DONETSK, Ukraine — The United States imposed new sanctions on allies of Russian President Vladimir Putin on Monday, prompting Moscow to denounce “Cold War” tactics amid more violence in eastern Ukraine.
Banning visas and freezing assets of the likes of Putin’s friend Igor Sechin, head of oil giant Rosneft, also drew fire from President Barack Obama’s domestic critics, who called it a “slap on the wrist,” even as European allies wrangled over how to follow suit without badly hurting their own economies.
The new round of sanctions, following those imposed last month when Russia annexed Crimea, barely registered in eastern Ukraine, where pro-Moscow rebels were holding a group of German and other OSCE military observers for a fourth day.
Despite a Ukrainian military operation to contain them, the militants extended their grip by seizing key public buildings in another town in Donetsk region. In the regional capital, Donetsk, club-wielding pro-Russian activists broke up a rally by supporters of the Western-backed government in Kiev.
And the high-profile mayor of Kharkiv, Ukraine’s second city, was badly wounded by a gunman, raising fears of further unrest in a Russian-speaking region that has seen less trouble of late than the neighbouring provinces of Donetsk and Luhansk.
U.S. sanctions were aimed, Washington officials said, at “cronies” of Putin. Seven men, including Sechin, were targeted by visa bans and freezing of any U.S. assets, and 17 companies were also named. EU states added 15 names to its blacklist and will reveal them on Tuesday.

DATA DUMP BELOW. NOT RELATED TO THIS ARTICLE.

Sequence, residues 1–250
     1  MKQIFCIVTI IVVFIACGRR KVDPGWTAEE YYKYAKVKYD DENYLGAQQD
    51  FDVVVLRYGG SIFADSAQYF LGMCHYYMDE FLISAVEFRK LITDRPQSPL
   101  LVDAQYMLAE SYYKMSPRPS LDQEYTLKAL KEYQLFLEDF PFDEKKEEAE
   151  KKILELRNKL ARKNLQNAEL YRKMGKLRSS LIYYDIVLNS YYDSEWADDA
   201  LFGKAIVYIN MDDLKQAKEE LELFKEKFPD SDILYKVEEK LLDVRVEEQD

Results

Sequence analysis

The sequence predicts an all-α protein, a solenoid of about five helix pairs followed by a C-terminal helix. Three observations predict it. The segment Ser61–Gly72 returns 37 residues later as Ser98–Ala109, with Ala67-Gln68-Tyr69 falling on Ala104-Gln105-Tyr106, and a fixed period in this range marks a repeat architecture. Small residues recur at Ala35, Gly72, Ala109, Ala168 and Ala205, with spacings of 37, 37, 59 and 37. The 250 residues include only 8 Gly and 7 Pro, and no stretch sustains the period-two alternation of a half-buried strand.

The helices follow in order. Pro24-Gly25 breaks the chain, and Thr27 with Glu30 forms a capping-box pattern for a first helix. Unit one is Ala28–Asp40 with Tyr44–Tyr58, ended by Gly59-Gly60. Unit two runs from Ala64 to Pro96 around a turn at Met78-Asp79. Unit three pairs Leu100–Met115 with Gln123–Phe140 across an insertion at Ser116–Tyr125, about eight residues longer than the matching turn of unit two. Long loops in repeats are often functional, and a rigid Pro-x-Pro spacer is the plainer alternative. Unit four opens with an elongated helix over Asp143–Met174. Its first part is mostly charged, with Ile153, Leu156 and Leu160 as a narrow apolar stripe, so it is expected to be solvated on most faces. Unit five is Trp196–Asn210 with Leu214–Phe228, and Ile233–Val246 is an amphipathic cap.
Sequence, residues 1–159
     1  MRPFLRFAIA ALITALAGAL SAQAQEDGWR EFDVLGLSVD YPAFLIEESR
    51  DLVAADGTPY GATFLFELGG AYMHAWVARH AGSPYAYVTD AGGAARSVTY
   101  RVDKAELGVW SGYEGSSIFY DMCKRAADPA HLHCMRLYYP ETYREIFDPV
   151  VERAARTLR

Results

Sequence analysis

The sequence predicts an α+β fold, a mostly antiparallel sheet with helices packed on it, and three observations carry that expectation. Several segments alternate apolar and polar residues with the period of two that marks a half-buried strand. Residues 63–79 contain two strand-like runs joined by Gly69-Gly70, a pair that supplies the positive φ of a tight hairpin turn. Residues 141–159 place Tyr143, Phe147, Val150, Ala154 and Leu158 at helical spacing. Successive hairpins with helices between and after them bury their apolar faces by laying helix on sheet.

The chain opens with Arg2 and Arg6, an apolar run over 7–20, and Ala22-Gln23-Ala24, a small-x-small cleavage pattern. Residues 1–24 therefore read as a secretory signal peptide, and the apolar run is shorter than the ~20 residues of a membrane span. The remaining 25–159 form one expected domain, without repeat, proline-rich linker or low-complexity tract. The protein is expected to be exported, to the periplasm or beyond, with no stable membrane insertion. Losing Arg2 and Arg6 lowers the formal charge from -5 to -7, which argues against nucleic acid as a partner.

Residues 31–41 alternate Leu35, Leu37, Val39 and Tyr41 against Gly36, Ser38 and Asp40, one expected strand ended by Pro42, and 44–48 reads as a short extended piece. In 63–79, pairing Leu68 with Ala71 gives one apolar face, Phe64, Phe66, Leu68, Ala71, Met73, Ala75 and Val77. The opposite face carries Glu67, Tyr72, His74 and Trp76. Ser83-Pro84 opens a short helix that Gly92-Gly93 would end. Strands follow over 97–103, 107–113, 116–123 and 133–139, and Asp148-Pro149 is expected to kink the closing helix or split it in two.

“The goal is not to go after Mr. Putin personally,” Obama said. “The goal is to change his calculus with respect to how the current actions that he’s engaging in in Ukraine could have an adverse impact on the Russian economy over the long haul.”
There was little quick sign of a change in the calculus for Putin, who critics say is stirring up fear among ethnic Russians so as to redraw post-Soviet borders and rebuild Moscow’s empire.
“Washington is in effect reviving … an old method of restricting normal cooperation, from Cold War times, essentially chasing itself into a dark, dusty closet of a bygone era,” said Deputy Foreign Minister Sergei Ryabkov, describing the sanctions as illegitimate, uncivilized and in breach of international law.
Also Monday, Russia’s defense minister expressed concern about what he called an unprecedented increase in U.S. and NATO military activity near Russia’s borders and urged U.S. Defense Secretary Chuck Hagel to help “turn down the rhetoric” over the Ukraine crisis.
Defense Minster Sergei Shoigu held a “candid” hour-long telephone conversation with Hagel and the men agreed to remain in contact, the Russian ministry said in a statement that suggested no other agreement emerged from the call.
Shoigu told Hagel that Russian forces which had further alarmed the West by starting drills near the border last week after Ukraine launched an operation against the separatists had since returned to their permanent positions, the ministry said.
But it gave no indication of whether the overall number of Russian troops deployed near the Ukrainian border, which NATO has put at about 40,000, along with tanks, aircraft and other equipment, had been reduced.
Both sides continue to offer diametrically mirror-image versions of events in Ukraine. The West sees the pro-Western leaders who took power after Kremlin-backed president Viktor Yanukovich fled to Russia in February as legitimate and believes Putin is trying to undermine their efforts to hold an election.
For Moscow, however, they are “fascists” and “putschists,” anti-Russian Ukrainian nationalists against whom the Russian-speakers of Crimea and the east have risen up in self-defense — a view it broadcasts into Ukraine on state-run Russian media.